Coronary calcification is known to be associated with advanced age; sex; smoking; and the presence of diabetes mellitus, hypertension, and renal dysfunction.[26,27] In addition, insufficient stent expansion, stent malapposition, and polymer damage of DESs sometimes occur in calcified lesions after PCI. These phenomena were suggested to lead to less acute lumen gain and more late lumen loss because of excessive neointimal proliferation. By contrast, the risk for stent thrombosis after stent deployment in calcified lesions is potentially higher than that in non-calcified lesions. Additional histological studies have also revealed that the most powerful predictor for stent thrombosis is insufficient, immature endothelial coverage. Retardation of re-endothelialization on the stent strut in calcified lesions can be the cause of the neointimal proliferation that follows DES implantation. In the present OCT study, we found that the neointimal thickness of stent struts in calcified lesions was thinner than that in non-calcified lesions after stent implantation. These results suggest retardation of the re-endothelialization on stent struts in calcified lesions.
4.3 Clinical implication
The ratio of the neointima coverage was increased with the second-generation DES as compared with the first-generation DES. However, our present findings indicate that not all struts were homogeneously neointimalized even after deploying the second-generation DES and that the thickness of the neointima was affected by the preexisting plaque characteristics. These findings suggest that the difference in characteristics of the plaque under the strut causes a heterogeneous neointimal development and increases the risk for restenosis. Moreover, insufficient neointimal development in the calcified lesion could cause thrombosis in the chronic phase. Evaluating the nature of the preexisting lesion during stent placement may predict the risk for future restenosis and thrombosis.
This study had several limitations. First, because this study was retrospective and included a small number of patients, a hypothesis was proposed on the basis of the study results. In addition, the follow-up period had some variations, the clustering effects were difficult to adjust, and selection bias could not be completely excluded. Second, during the OCT analysis, the post-stent deployment and follow-up stent lesions were not completely the same. Third, although malapposed strut distance and ratio may be related to the neointimal thickness, we could not analyze the aforementioned relationship because of the small number of malapposed struts. Fourth, neointimal tissues were analyzed using OCT but were not classified using pathological methods. Thus, prospective studies that include more cases and pathological examination are needed. Finally, in our study, the proportion of calcified plaques was low, and that of lipid-rich or fibrous plaques was high. The influence of such plaque distribution cannot be completely denied statistically.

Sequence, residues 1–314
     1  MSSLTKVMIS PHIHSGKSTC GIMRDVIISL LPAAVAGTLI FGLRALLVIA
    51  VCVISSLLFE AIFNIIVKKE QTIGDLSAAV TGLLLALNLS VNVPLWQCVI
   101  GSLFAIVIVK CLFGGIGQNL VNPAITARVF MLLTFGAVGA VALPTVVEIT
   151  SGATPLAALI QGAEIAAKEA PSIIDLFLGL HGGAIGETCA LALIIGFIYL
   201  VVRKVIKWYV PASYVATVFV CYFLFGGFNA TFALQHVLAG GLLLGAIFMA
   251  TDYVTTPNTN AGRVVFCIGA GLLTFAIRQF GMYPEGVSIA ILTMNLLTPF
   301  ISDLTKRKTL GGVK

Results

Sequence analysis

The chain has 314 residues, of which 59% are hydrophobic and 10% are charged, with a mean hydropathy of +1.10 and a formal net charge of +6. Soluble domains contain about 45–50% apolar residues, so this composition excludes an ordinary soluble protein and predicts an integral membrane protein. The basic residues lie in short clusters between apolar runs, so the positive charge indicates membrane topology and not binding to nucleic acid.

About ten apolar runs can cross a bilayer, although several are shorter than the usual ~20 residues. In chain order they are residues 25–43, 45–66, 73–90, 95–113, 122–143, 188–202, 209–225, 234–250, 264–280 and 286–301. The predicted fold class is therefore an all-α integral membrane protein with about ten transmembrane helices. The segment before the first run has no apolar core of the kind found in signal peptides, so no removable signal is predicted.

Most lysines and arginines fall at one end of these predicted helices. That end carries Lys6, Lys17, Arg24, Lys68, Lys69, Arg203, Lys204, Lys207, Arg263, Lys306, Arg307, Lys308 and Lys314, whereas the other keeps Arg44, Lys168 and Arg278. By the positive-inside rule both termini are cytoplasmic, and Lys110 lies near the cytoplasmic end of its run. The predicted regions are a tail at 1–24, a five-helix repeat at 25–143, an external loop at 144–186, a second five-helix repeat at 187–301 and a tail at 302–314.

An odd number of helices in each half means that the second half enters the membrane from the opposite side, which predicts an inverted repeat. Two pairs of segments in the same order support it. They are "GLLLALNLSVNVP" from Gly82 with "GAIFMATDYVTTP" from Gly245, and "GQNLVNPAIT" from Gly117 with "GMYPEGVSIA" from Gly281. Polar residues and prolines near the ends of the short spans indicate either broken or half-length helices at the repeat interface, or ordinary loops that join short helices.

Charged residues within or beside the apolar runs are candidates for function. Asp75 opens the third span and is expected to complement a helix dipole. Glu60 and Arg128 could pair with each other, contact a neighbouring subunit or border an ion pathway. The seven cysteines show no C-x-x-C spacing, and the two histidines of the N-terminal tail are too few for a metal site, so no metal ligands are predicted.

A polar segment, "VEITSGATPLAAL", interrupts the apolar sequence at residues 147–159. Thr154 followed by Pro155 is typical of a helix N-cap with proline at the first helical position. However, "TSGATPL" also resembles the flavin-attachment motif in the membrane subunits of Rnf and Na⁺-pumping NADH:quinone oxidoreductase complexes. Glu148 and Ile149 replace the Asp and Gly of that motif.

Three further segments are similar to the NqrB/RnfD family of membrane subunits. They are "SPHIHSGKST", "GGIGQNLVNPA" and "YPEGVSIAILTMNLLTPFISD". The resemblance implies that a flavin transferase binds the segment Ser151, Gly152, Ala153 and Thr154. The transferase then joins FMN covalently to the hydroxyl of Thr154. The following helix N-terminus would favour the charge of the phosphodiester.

In conclusion, neointimal coverage after second-generation DES implantation has a close relationship with preexisting atherosclerotic lesion characteristics. Evaluating the lesion characteristics during stent placement using OCT may predict the risk for future restenosis and thrombosis.
Conceptualization: Kenichi Sugioka, Makiko Ueda.
Investigation: Yohta Nomoto, Masashi Nakagawa, Nobuyuki Shirai.
Project administration: Masashi Nakagawa.
Supervision: Keiko Kajio, Kazuki Mizutani, Takanori Yamazaki, Kimio Kamimori, Yasuhiro Izumiya, Minoru Yoshiyama.
Validation: Yohta Nomoto, Masashi Nakagawa.
Writing – original draft: Yohta Nomoto.
Writing – review & editing: Yasuhiro Izumiya, Minoru Yoshiyama.
Yohta Nomoto orcid: 0000-0001-5153-9071.
Yasuhiro Izumiya orcid: 0000-0003-2332-9151.
Minoru Yoshiyama orcid: 0000-0002-3197-0494.
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Keywords:Copyright © 2019 the Author(s). Published by Wolters Kluwer Health, Inc.
drug-eluting stent; neointimal thickness; optical coherence tomography; plaque characteristic